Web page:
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The Minerals Council of Australia (MCA) is warning that Australia’s window of opportunity to capitalise on its position at the forefront of the global critical minerals boom is closing.

The MCA headed a panel discussion at the Critical Minerals and Energy Investment Conference in Perth on Thursday morning, where Executive Director David Parker discussed the future landscape of mining in Australia.

Mr Parker underlined the indispensable role of both state and national governments in bolstering the Australian mining sector.

“We now have strategic competition between nations and greater protectionism; that’s in turn causing greater, stronger headwinds to the much-needed expansion of mining,” he said.

“Countries are now taking a much deeper interest and a much deeper look-see at what they have with their geological inventories and how they could use those going into the future.”

He also shed light on the challenges faced by smaller mining companies.

“They don’t have the deep pockets of a super major; they need industrial lands; they need strategic areas; they need to have infrastructure, energy, water, rail, and ports in close proximity and ready to go; they can’t do this by themselves,” he said.

Earlier this month, the MCA released the Future Critical report, which outlines the trends of the future, the minerals needed to make them a reality, and the factors that risk a delay in productivity.

Mr Parker outlined several emerging trends that will rely on critical minerals for future generations.

These trends include resource nationalism, changing demand, declining ore grades, advances in technologies and a stronger focus on environmental social governance (ESG).

“We’ve got the changing demand for mineral resources, this is being driven by globally significant population and population growth, increasing urbanisation, the rapid development of emerging economies, an increase in consumer wealth, and the decarbonisation and digitalisation of economies,” he said.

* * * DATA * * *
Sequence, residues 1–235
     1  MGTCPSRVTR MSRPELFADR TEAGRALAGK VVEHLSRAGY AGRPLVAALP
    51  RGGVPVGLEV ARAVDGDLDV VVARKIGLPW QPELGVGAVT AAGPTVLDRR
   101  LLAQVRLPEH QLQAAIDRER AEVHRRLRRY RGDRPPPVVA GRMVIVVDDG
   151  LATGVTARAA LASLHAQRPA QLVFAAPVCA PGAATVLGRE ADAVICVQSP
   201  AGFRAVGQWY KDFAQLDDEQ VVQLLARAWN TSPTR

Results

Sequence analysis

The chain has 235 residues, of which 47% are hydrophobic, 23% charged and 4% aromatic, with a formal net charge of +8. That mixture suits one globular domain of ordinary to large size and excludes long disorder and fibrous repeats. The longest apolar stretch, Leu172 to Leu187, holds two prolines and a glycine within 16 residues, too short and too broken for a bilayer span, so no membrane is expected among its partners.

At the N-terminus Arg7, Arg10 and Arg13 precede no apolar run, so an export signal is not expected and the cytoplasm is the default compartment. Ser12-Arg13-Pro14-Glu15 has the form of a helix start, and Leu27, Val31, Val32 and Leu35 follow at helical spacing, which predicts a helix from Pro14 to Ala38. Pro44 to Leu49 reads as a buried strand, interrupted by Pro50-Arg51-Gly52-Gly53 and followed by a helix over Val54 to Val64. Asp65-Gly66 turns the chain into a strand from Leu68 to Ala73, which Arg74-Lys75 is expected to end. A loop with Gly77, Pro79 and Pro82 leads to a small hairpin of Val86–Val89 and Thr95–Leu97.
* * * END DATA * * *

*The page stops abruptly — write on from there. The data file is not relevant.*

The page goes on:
The Executive Director further stated these pressures provided an incentive to jump at the use of new technologies to more accurately target and efficiently extract and process deposits, including the uptake of recycling materials.

By 2030 alone, the International Energy Agency has forecast Australia will need 50 new lithium mines, 60 new nickel mines, and 17 new cobalt mines to supply the materials required to meet the demand for battery storage, a step in the path to net zero.

“What we’ve found is the world needs up to $4 trillion of investment in mining, refining and smelting by 2030 to be on the pathway to net zero, that’s studied by McKinsey and Co. and these astronomical volumes of minerals and metals will be required to achieve net zero emissions by 2050,” Mr Parker stated.

A need for Government reform

Mr Parker cited that Government delays in environmental approvals of projects are accumulating, producing large economy-wide losses.

“Exhaustive delays in environmental approvals and the proposed introduction of rigid and costly industrial relations laws are combining to blunt the ability to fully capitalise on this once-in-a-multiple-generation mining burden,” he said.

With mining one of the largest contributors to government revenues, advocating organisations such as the MCA, argue that assistance from the government is extremely small considering the value it generates.

“The sheer scale and scope of the Australian mining industry operational footprint means that any mining activity is simultaneously subject to federal, state, and local government policies that are not always aligned,” Mr Parker revealed.

The discussion concluded with Mr Parker emphasising the imperative need for a collaborative effort between the industry and the government to seize the immense mining potential that risks slipping through our fingers.

“While Australia has the attributes, the workforce, the expertise and the array of deposits required to be a leading global supplier of a critical mineral sector, governments have a critical role to play,” he said.

“They can stack the odds in favour of the Australian mining industry catching its next wave of global investment with the right policy settings and retaining Australia’s comparative advantage in mining and minerals exports and expanding activity in mineral processing and mining-related manufacturing.”

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